The eyes of the world will be on Ramaphosa to see whether he can continue the legacy of the Rainbow nation’s icon, Nelson Mandela, who dreamed of a united, prosperous and equal South Africa.
It is in the interests of all South Africans to work together under Ramaphosa’s leadership to realise that dream. But, a strident African nationalist populism has metastasized into the African National Congress (ANC). It calls for the “expropriation without compensation” of property and the nationalisation of the South African Reserve Bank. These are now policies of the ANC.
Unless arrested, this leftist policy drift signals a coming collectivist-populist revolution within the two decades, under the guise of “redress for apartheid”. Such a collapse of the social contract will fundamentally change South Africa.
While the analysts ponder the first term of a Ramaphosa presidency, I thought to sketch a post-revolution South Africa, so that citizens can decide now, whether that is what we want for our country. Perhaps a peek into the abyss will help us better calculate our interests in the short term:
2037: Zulu Kingdom joins Commonwealth, seeks direct parliamentary representation in SA
In 2037 the South African Rand trades at R660.00 to the Euro. Massive capital flight followed the annulment of all title deeds issued since 1913, in favor of a nationalised version of land rights. The economy has stalled, social grants were rescinded and massive retrenchments were the result. The health, energy and food system are on the verge of collapse. The people of KZN turn increasingly inward to for leadership along tribal lines.
The Zulu Kingdom, having officially boycotted the coalition of centre-right forces who won the national elections in 2036, succeeded in a bid to join the Commonwealth as an independent entity. With self-serving irony, the newly crowned Zulu King lauds the constitutional monarchy of Britain. A series of mega-bilateral agreements signed between KwaZulu-Natal and Beijing around 2030, promise to secure an economic recovery for the kingdom after the devastation of the Peoples Revolution.
With 30% of the population living in the KZN province, the young Zulu King demands direct parliamentary representation without which the King vows to secede.
Cape Colony Rewind, new Catalonia
Minority communities in South Africa cope with the sudden economic decline through a range of moves, including the so-called “second wave of emigration”, reminiscent of the post-1994 exodus of white South Africans. Only this time a notable portion of educated middle class blacks from cities migrate to faster-growing East Africa and to Europe in search of better prospects for their children. The ageing populations of EU member-states lead to attractive merit-based worker visa programs targeting emerging market talent.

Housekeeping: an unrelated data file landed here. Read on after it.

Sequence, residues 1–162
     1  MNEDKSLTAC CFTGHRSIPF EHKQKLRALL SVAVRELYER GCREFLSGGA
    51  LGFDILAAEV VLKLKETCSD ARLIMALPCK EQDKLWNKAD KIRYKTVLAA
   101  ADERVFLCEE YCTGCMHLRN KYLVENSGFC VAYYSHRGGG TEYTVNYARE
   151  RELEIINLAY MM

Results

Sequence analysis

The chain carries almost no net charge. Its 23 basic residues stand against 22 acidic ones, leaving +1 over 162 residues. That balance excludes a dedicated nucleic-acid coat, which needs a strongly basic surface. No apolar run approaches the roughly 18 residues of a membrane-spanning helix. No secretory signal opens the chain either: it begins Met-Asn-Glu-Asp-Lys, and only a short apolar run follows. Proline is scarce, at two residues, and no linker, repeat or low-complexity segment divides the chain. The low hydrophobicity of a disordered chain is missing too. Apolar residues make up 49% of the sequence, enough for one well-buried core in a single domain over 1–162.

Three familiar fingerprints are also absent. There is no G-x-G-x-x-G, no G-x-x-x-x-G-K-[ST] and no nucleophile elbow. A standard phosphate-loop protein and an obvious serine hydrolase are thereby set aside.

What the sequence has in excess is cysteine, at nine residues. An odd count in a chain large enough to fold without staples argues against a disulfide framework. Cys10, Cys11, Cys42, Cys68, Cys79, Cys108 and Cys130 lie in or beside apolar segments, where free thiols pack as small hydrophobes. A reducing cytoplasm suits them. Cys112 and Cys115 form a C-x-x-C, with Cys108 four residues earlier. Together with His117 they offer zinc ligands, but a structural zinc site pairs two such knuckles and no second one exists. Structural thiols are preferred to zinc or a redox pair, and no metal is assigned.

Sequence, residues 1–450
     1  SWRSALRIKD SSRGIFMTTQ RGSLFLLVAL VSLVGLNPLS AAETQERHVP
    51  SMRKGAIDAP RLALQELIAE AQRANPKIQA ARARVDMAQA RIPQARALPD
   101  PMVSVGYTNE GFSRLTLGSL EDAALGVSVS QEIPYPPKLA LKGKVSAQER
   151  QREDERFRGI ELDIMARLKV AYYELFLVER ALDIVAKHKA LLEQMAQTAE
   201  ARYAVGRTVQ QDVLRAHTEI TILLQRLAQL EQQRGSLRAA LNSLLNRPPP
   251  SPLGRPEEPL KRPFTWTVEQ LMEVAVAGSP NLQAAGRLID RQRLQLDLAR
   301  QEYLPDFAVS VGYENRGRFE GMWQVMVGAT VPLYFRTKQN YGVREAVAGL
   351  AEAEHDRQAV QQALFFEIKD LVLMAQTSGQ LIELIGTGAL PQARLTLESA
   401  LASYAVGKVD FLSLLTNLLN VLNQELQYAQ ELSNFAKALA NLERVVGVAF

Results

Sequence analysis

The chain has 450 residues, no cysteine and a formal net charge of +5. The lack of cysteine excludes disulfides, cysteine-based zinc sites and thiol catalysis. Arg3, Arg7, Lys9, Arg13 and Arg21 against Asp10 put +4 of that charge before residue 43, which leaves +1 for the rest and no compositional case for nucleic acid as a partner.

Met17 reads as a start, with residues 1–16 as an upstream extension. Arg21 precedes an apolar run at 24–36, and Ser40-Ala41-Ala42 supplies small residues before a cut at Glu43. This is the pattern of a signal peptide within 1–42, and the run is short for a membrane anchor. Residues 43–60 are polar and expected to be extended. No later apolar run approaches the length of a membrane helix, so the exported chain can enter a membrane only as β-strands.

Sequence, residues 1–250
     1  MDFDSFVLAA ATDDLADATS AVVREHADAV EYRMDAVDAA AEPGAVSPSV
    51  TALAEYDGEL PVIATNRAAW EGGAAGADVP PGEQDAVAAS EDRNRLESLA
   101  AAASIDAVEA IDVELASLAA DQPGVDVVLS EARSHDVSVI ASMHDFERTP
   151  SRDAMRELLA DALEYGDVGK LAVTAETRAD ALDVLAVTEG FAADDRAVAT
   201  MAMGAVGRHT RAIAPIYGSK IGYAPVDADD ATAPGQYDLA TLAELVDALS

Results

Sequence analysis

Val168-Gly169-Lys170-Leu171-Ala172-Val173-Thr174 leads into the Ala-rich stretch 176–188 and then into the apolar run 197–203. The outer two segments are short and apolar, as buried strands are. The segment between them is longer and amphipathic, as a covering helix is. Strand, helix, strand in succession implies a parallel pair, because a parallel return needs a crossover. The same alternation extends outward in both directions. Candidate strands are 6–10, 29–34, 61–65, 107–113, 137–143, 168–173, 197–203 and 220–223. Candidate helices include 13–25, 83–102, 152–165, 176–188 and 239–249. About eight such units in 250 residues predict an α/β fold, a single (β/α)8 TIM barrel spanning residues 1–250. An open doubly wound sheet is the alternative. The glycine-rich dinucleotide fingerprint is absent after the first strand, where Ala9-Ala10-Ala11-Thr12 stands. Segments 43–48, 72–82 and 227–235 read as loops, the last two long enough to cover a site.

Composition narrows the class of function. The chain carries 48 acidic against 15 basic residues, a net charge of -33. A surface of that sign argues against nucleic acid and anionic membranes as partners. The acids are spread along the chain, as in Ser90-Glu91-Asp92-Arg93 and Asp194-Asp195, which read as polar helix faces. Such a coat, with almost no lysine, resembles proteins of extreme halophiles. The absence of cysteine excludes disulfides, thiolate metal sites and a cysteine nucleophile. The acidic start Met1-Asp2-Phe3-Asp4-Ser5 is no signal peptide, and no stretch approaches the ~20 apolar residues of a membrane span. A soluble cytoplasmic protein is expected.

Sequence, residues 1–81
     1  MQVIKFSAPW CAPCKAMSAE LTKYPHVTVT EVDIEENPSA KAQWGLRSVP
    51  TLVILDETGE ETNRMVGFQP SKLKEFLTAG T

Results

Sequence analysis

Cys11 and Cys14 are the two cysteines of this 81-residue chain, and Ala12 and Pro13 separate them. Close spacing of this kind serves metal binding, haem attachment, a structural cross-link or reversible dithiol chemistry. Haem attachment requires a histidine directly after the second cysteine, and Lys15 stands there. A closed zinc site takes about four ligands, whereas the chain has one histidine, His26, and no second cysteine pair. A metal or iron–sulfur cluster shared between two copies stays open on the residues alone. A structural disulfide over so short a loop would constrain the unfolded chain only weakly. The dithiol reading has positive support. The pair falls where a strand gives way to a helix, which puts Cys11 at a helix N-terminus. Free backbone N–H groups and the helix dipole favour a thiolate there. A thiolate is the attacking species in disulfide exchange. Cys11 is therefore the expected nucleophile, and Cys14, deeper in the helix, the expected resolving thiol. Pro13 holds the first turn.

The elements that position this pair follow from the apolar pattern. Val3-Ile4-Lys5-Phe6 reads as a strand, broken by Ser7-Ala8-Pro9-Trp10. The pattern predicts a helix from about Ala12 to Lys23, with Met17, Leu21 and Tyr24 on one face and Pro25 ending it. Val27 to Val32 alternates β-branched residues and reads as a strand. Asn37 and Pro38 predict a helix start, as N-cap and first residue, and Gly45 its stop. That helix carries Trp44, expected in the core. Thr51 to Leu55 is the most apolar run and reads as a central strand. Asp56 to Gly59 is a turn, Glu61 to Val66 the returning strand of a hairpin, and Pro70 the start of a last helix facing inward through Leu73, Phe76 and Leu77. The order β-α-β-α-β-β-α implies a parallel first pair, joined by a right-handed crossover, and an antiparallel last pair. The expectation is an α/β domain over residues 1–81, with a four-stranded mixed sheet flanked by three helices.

The conservative Afrikaner white-collar strongholds of Pretoria, Bloemfontein and the Nelspruit region, see a mass movement south, as failed local government and rising insecurity threatened suburban life. The Western Cape, now operating as an integrated regional province along with the Northern and Easter Cape, received these migrants. Port Elizabeth is heralded “die Nuwe Durban” as the last vestiges of Gauteng manufacturing relocate to the Nelson Mandela Bay Municipality. A weak Rand and abundant labour in an investment-hungry local government allows for experiments with free economic zones, without the dysfunction of coalition politics of the north.
The movement of parliament from Cape Town to Pretoria by a beleaguered ANC in 2025 cements the idea that the Cape Colony of old is increasingly a new reality. Talk in the Burger newspaper is that the Cape region will be the new Catalonia, the region around Barcelona that seceded from Spain in 2019. But the real economy is devastated.
Azania Peoples Republic, capital Tshwane
When the Limpopo and Mpumalanga provinces declare bankruptcy in 2022, the national government, centered in Tshwane, restructure the provinces to incorporate the northern regions into the Azania Provincial Region. The mass de-urbanization in these regions during the deep recession and job-losses that followed the Peoples Revolution, strengthen the hand of the rural chiefs. Entrenched African nationalism becomes the only unifying force as talk of a new “Azania Peoples Republic” coordinates otherwise competing interests. The infighting and corruption is debilitating.
The beloved country
In Alan Paton’s Cry, the Beloved Country, published in 1948, Msimangu the priest laments, “The tragedy is not that things are broken, The tragedy is that they are not mended again … It suited the white man to break the tribe, but it has not suited him to build something in the place of what is broken.”
If Mr. Ramaphosa fails and populism succeeds, by 2040 the tribes will again have triumphed, but theirs will an empty victory. They would have failed to realize that their destinies were intertwined. In the pursuit of narrow interests, they would have won their land but lost their country.
South Africa, united, is a tapestry of opportunity, a rich orchard of diverse people, resources and beauty. The collision of these diverse threads produced the historic injustice of apartheid, but were also a recipe for a miracle reform. If Msimangu could speak today, I wonder what his prayer would be for the beloved country? DM
Marius Oosthuizen is a member of faculty at the Gordon Institute of Business Science, University of Pretoria, South Africa. He teaches leadership, strategy and ethics. He oversees the Future of Business in SA project that uses strategic foresight and scenario planning to explore the future of South Africa, Africa and Brics.
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